Learning & Activities


What Should Your Preschooler Learn?

Park Abacus

What Should Your Preschooler Learn?

You may wonder as you begin to research preschools, what is your child actually supposed to be learning at this age and from this experience? It may surprise you to know that you determine the answer to that question by voting with your preschool fees. There is no real system of accreditation for preschools in the United States. Most certifications have to do with preschool health and safety rather than preschool academics. In addition, the basic curriculum of most preschools is actually taken from kindergarten curriculums.

The two grades cover the same basic material, simply because not all children are required to go to preschool and it would be a problem if they missed out on the material due to differences between the two curricula. This means that preschools are free to bend to the whims of the market and offer some unique educational options.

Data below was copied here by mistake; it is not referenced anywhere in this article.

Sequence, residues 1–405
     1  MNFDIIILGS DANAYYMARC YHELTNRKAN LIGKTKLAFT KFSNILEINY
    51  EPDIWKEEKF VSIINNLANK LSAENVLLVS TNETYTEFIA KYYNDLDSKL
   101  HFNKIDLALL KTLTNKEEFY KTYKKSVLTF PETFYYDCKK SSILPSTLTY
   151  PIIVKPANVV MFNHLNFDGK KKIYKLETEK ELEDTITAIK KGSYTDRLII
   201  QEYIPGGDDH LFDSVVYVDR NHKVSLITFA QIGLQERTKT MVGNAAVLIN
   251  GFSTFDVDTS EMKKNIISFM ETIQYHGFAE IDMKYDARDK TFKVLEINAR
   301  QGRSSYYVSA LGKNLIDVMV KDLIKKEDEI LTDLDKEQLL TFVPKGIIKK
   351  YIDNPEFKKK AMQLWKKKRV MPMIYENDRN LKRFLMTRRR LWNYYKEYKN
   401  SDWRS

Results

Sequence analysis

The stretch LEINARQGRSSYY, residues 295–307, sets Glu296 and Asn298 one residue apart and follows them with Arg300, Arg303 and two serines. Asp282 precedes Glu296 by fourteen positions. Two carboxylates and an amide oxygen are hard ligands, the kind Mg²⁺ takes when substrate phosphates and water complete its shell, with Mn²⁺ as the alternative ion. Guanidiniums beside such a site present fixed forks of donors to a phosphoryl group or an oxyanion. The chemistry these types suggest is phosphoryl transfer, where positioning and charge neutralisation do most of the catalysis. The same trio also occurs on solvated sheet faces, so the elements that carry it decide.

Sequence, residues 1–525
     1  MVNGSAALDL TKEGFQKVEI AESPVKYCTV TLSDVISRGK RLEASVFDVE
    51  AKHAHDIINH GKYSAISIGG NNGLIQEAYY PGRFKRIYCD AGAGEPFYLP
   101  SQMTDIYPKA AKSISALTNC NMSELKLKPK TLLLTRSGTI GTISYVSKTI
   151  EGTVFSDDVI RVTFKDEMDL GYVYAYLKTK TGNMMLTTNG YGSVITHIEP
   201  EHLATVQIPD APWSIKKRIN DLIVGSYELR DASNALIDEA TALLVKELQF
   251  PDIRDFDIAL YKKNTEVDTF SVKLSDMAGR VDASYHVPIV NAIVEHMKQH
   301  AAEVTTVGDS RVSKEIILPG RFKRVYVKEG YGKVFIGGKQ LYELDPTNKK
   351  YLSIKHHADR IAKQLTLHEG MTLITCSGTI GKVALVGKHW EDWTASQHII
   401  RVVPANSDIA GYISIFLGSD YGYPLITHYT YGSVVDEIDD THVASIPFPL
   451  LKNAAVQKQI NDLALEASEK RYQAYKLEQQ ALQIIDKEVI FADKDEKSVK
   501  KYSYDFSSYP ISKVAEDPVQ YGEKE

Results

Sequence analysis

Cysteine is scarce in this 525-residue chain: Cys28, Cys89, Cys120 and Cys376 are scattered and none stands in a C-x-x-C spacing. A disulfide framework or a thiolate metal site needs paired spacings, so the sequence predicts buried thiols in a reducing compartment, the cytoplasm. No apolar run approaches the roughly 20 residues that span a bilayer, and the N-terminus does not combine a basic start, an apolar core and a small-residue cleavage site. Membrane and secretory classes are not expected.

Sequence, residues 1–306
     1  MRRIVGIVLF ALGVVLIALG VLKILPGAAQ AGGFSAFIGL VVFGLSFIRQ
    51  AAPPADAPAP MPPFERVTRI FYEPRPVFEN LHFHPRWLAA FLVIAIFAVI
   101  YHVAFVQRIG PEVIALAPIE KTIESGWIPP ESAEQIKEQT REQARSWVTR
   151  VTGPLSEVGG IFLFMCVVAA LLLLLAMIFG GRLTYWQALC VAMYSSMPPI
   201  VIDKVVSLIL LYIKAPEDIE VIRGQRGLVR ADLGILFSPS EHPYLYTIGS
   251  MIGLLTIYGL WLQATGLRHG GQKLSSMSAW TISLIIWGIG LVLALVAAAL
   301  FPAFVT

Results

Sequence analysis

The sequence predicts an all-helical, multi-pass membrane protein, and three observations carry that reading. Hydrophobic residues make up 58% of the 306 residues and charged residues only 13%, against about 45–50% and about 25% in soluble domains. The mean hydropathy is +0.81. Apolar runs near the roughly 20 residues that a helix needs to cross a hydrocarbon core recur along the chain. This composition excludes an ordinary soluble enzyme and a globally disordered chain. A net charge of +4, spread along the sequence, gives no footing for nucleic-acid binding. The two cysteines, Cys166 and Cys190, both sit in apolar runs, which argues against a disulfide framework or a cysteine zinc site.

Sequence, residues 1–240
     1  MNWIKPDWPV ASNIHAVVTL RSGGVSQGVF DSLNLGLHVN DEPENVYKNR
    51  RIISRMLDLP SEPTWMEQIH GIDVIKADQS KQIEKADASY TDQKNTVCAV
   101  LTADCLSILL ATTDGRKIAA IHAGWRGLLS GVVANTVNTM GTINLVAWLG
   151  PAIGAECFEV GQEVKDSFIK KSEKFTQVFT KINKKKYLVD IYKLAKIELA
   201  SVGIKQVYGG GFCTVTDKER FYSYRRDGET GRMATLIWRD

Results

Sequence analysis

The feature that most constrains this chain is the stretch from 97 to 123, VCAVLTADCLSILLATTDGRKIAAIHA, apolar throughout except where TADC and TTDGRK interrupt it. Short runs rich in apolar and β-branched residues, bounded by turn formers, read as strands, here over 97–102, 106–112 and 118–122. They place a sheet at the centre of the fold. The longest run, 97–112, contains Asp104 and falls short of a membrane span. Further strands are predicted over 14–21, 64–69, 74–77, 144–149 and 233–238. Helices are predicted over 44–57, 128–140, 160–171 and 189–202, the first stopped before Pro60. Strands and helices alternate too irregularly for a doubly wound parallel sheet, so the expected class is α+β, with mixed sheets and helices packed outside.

Is There a Proper Preschool Curriculum?

The Basics of Preschool Learning

The basics of what you can expect a preschool child to learn are broken down by age and level of development.

For two your olds, preschool is a social and physical experience rather than an academic one. At this age:

  • Children learn to interact together.
  • Children learn to talk and follow cycles of conversation respectfully.
  • Children develop muscle control and motor skills by drawing and painting.
  • Children work towards independent toilet behaviors.